Tony Sinclair and the Living Data Project chose to focus first on archiving the Serengeti bird data. This dataset summarizes 67,110 geo-referenced observations on 567 bird species from 1929-2017, collected along standardised transects and point counts and supplemented by ad hoc observations. This is the first time that these diverse sources of data have been combined, allowing long-term analyses of population sizes, baselines for occurrences of rare species and detection of populations near critical limits. Tony met with PhD student Francisco Henao Diaz regularly to go over the dataset. There were about 40 variables initially and together Tony and Francisco reduced this to about 15 key variables. It was an iterative process because, as Tony pointed out, “a dataset by itself is only part of a story. You really need to have some other information that goes along with it. It needs context.” This process involved cleaning errors, clarifying acronyms, and determining which data would have general value. The goal was to make it accessible and understandable for the long term as, Tony reminded, there is “no point in collecting data unless it is available for other people.” This dataset will shortly be publicly available as an Ecology data paper co-authored by Francisco and Tony.
Henao-Diaz, L. F., and A. R. E. Sinclair. 2019. Long-term monitoring of Serengeti bird species occurrence, abundance, and habitat. Ecology. https://doi.org/10.1002/ecy.2919
The researcher and his research:
Roy got his scientific start at Ulster University, in his native Northern Island, where he completed a Bachelor of Science. Just a short time later he moved on to Bangor University in Wales, where he finished a PhD, before crossing the Atlantic and accepting a post-doctoral position with the University of Western Ontario. He joined faculty at the University of British Columbia in 1977, where he was based for the next 37 years until his retirement in 2015. Roy is foremost a plant ecologist who has conducted field research in a wide variety of ecosystems such as the Kluane region of the Arctic, the Garry Oak meadows on Vancouver Island and the grasslands of interior British Columbia, but also stretching further abroad to the Negev Desert in Israel and the forests of Southern China (Fraser et al. 2016). His many years of research have been in pursuit of ecology’s fundamental question: What determines which species we find in certain locations, and how do the communities they produce function? To answer this and related questions, he has combined surveys with manipulations in field plots (some as large as 1 km2) to test the main determinants of community structure such as competition, stress and disturbance.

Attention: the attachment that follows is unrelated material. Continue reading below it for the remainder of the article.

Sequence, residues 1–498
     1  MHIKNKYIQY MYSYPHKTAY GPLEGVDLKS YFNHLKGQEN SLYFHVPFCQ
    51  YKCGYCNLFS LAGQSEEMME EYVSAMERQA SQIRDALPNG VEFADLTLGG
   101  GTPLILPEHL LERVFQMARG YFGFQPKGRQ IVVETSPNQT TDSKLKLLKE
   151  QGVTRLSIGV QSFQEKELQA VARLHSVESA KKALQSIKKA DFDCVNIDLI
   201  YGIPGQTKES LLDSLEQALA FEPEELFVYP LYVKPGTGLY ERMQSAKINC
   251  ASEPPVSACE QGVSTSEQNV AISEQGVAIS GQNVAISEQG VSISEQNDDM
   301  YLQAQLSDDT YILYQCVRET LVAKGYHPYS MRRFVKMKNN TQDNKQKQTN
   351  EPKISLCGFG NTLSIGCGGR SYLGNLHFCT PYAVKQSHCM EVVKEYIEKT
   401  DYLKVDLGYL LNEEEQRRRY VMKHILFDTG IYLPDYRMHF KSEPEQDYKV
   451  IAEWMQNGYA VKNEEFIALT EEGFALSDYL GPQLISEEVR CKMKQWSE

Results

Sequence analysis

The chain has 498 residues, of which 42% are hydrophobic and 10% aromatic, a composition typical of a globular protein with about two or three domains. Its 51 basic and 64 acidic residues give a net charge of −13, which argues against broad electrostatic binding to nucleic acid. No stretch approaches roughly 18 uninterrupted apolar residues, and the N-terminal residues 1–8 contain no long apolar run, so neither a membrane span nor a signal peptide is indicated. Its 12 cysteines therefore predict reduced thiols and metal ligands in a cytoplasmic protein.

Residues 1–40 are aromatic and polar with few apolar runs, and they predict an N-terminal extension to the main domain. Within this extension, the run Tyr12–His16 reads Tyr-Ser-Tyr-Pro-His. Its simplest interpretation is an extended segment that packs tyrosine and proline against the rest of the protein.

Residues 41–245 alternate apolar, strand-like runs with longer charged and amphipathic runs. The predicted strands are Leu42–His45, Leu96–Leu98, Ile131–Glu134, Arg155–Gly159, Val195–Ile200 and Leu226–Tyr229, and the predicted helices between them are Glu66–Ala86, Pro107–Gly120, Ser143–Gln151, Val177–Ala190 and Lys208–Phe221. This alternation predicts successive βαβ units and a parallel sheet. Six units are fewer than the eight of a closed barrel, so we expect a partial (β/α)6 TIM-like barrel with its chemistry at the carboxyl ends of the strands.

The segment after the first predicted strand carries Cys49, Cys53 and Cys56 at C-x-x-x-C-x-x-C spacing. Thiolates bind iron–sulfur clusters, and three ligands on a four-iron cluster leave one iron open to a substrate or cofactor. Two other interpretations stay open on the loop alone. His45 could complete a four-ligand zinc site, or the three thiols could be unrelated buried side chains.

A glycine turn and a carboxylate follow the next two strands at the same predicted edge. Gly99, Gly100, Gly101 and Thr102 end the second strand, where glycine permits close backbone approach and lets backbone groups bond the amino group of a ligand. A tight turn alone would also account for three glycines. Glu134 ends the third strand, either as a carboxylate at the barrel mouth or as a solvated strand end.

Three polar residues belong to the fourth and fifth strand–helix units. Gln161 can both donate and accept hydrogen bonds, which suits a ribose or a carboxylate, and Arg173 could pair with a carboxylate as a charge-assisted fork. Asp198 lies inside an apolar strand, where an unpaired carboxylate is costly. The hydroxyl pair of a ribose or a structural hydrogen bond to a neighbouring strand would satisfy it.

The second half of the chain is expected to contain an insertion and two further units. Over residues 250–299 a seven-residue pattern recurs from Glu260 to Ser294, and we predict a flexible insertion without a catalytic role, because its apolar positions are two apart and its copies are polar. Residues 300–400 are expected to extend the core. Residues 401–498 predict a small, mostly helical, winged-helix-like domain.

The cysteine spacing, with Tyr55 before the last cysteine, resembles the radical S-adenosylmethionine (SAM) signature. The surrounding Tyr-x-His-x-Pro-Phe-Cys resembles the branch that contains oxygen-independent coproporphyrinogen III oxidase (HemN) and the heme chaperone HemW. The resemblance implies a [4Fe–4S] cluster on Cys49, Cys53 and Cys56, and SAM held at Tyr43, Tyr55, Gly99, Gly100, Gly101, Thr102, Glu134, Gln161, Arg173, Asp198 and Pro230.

The dataset and the rescue operation:
The dataset involved in this project is a compilation of nearly 20 years of data, on an experiment designed to tease apart bottom up vs. top down controls on understory plants in the Yukon. One of the main herbivores in this system is the snowshoe hare, famous for its cyclical population dynamics. For the first decade of a factorial experiment, fertilizer was added to half the plots, and snowshoe hare herbivory was excluded. After 10 years, each plot was permanently divided in half where treatment was stopped, enabling Turkington’s team to measure recovery of the communities. The data consists of species richness and percent cover data for nearly 80 species of understory plants at two sites, each with 16 plots. At the beginning of the Living Data Project internship, the data was in multiple spreadsheets for each year. As you can imagine with a long-term experiment, there were many technicians involved in collecting data, each with their own way of recording and entering data. The main task behind the data rescue was to re-format each file into a readable, tidy, long format and eventually joined into a single dataset. A second large challenge was the method used to record species’ names: sometimes as just a genus name, other times a common name like ‘other grasses’, and, occasionally, just a number – which was eventually discovered to correspond to a species name recorded in a log book. Data checks were built into the code to make sure there are no discernable data entry errors. Rank abundance plots were also made to visualize the change in species abundance over time; this step allows us to be confident that various field technicians were identifying species correctly.
Sources used in this project description:
Fraser, L., Cahill, J., & Lortie, C. (2016). Roy Turkington and his legacy to the science of plant ecology. Plant Ecology, 217. doi.org/10.1007/s11258-016-0661-2